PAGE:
The Underground Railroad was a network of African Americans as well as Whites offering shelter and aid to escaped slaves from the south. Tubman risked her life to help 60 other slaves, even helping her entire family make the journey to Philadelphia.

However, Tubman encountered problems later in 1850 with the passage of the fugitive law. The law stated that the escaped slaves could be captured in the north and returned to slavery.  

Tubman didn’t relent in her quest despite the new laws. She rerouted the Underground Railroad to Canada, which prohibited slavery categorically.

In December 1851, Tubman was able to guide a group of 11 fugitives northward.

She became a leading abolitionist and led hundreds of enslaved people to freedom along the Underground Railroad route.

The Lesson for young people

The thing about motivation is that it gives you the energy to achieve great things. If you are exhausted and unmotivated, no matter what ability you have, it won’t matter because anyone who doesn’t do anything will really not achieve anything. 

So find out what motivates you and let that motivation fuel your desire for success.

Dan Pink once wrote, We’re more motivated when we don’t feel like we’re being told what to do, when we feel like it’s a skill we’re getting better at, and when we feel like there’s a purpose to what we’re doing, where our efforts contribute to the greater good.”

Lesson 4

Be helpful to others

When the Civil War broke out in 1861, Tubman found a new way to stop slavery. What she had to do was to render help and service during the Civil War. She was recruited to assist fugitive slaves at Fort Monroe, and she worked as a nurse, cook, and laundress.  

In 1863, Tubman became the head of an espionage scout network for the union army. She provided crucial intelligence to Union commanders about confederate army supply routes and troops; she also helped to liberate slaves to form Black Union regiments.

Though her service to the army then was relentless, her contributions were not recognized until 3 decades after. The Government commended her military contribution and awarded her financially.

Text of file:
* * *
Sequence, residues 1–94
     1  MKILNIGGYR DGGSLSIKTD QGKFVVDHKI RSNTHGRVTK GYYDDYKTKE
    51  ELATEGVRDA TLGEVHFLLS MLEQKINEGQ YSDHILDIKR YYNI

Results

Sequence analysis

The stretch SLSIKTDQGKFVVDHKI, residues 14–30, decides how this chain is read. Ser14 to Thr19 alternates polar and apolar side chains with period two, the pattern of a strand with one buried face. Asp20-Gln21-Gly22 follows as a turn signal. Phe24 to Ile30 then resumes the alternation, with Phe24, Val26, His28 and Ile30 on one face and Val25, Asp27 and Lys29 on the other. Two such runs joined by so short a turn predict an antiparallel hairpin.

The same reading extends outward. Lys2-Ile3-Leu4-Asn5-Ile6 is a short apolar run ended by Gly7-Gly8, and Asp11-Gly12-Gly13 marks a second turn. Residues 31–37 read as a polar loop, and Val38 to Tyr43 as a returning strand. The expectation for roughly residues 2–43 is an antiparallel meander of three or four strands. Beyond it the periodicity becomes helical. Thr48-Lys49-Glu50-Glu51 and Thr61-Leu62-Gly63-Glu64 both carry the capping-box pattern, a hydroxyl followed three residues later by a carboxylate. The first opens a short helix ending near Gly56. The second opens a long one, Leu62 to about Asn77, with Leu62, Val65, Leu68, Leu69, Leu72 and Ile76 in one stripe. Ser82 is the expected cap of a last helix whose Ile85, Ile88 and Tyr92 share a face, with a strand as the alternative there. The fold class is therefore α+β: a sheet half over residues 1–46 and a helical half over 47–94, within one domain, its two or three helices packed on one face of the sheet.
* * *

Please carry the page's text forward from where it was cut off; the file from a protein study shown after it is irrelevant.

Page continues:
The Lesson for young people

Did it ever occur to you that helping someone else’s success can help you achieve success as well? Brian Tracy once said, “Successful people are always looking for opportunities to help others. Unsuccessful people are always asking, ‘What’s in it for me?”

If you focus on helping others, your investment will always yield a great profit, as it did for Tubman.

Lesson 5

Build a legacy

After the war ended and slavery was abolished, Tubman settled in New York, where she continued to fight for equality and provide services for the needy. She worked closely with politicians, the leaders, and intellectuals of her time.

During her time in New York, she established a school for the freed blacks in the South. In 1908, the “Harriet Tubman Home of the Aged” was built to improve the lives of those condemned to servitude.

Tubman died a fighter and her legacy continues to echo even to the younger generation.

The Lesson for young people

Tubman showed how someone can live an inspiring legacy of sacrifice and perseverance despite being born into the worst of circumstances.

Persevere in your vision and leave a legacy worth remembering.

In conclusion, if you’re a young person and you want to be successful in life,

Learn to identify opportunities as they come.

Be determined in the face of fear.

Be inspired to achieve great things

By helping others, you are also helping yourself.

And lastly, persist till the end so that you will be remembered for great things.


Thank you.